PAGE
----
Author Topic: My Frankenhead  (Read 366 times)

CS

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My Frankenhead
« on: January 13, 2019, 22:47:31 »
I've been looking for a good price for a used monopod tilt head for awhile. I see good setups, but at prices higher than I want to pay. To be fair the ones that I've been looking at offer more than I need. I don't own large telephoto lenses, so I don't need to pay for a setup that supports them. Still I was looking at used in hopes of finding what I wanted, but, used models are scarce plus not on the inexpensive side when they do pop up.

Then I had some concern about friction on the head since I saw a lot of folks complain about the lack of it on the RRS model, claiming that it was basically on or off, lacking the ability to hold the head in place, but nudge it to or fro at will, before a final lock. I dunno how true any of this is, but in the $200 area used for one with a screw clamp, I didn't want to be disappointed.

RRS actually recommends the Manfrotto tilt head for people like me, albeit with one of their clamps. Then in my research I checked out Acratech clamps, and I was favorably impressed with them over the RRS models because of the built in spring loaded stainless steel detent pin that keeps a plate or L-bracket from sliding out of the clamp in the event that the clamp becomes loose.

So, I ordered the Manfrotto 234 head and the Acratech clamp from Amazon. Then I bought a wave washer for the Manfrotto tilt head lock, and now I have all of the friction control that I need for that head. The bottom line for all of the stuff was under $130, brand new, with the Acratech clamp having a 10 yer warranty. I've yet to try this setup out, but I expect to in the coming days.

Carl

CS

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Re: My Frankenhead
« Reply #1 on: January 14, 2019, 00:57:35 »
Note to Seapy:

The Acratech screw release clamp has double start threads. They claim that the screws settings are stable, but include the stainless steel detent pin as insurance against the unexpected. Further, their version of the  more expensive lever (quick) release clamps have a lock on the lever. so that it cannot accidentally release. Beyond even that, the Acratech lever (quick) release clamp has a screw that allows you to adjust the jaws of the clamp size amenable to the various sizes of plates and L-brackets from various manufacturers, so that once adjusted to a particular size, the lever clamp needs no further adjustments. Very cool stuff, and a step, beyond RRS, IMO.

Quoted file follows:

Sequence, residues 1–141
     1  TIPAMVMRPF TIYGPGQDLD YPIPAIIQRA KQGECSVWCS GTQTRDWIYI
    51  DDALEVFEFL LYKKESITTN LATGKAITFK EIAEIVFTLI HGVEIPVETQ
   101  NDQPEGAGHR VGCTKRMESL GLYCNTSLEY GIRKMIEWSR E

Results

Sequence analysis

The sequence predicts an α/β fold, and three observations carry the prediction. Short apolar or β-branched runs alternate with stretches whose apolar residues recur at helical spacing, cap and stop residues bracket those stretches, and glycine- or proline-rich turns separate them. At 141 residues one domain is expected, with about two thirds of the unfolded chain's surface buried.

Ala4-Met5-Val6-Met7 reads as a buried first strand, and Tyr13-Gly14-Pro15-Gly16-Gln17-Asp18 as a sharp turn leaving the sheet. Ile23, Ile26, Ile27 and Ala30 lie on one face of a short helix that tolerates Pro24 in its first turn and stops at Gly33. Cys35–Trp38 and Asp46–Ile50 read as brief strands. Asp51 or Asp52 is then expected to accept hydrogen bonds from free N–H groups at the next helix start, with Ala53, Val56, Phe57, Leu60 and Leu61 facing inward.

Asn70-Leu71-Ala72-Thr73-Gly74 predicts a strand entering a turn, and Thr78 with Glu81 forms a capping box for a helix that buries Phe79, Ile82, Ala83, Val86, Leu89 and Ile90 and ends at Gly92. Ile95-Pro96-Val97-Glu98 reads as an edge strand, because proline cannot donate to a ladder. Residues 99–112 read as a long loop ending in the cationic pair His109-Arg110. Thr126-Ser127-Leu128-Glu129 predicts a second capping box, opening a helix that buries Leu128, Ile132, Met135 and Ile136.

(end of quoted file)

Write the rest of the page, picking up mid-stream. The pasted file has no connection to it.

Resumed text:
Carl

Seapy

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Re: My Frankenhead
« Reply #2 on: January 14, 2019, 09:40:40 »
Thanks for that Carl, my purchaes are limited to cheapo Chinese knockoff's.  (To buy the number of top quality dovetail mounts, L brackets and heads I would need would rival the cost of my new D800!)  Some of the dovetail slides are twin start, it's not obvious when ordering which type they are.  Most if not all dovetail mounts have  a detent pin or screw to prevent any tendency to slide off the end of the dovetail mounting.  I think most lever clamps for dovetail mounts and slides are adjustable, but so far as I know they are not generally lockable.

I am still mainly on Manfrotto RC2 quick release clamps and they generally all have a safety lock which auto engages, except some of the earlier ones which you have to engage manually. While I would like to standardise on one or 'tother system but both have their advantages and individual places in my array of photography tools, they seem to work alongside each other reasonably well. For mounting cameras or lenses I actually prefer the Manfrotto RC2 mount, it latches in and positively clicks, a squeeze of the lever confirms it's locked in. I can securely mount a camera on a tripod in the dark with one hand with no worries, I don't think I could do that with a dovetail mount, it's a two handed operation.
Robert C. P.
South Cumbria, UK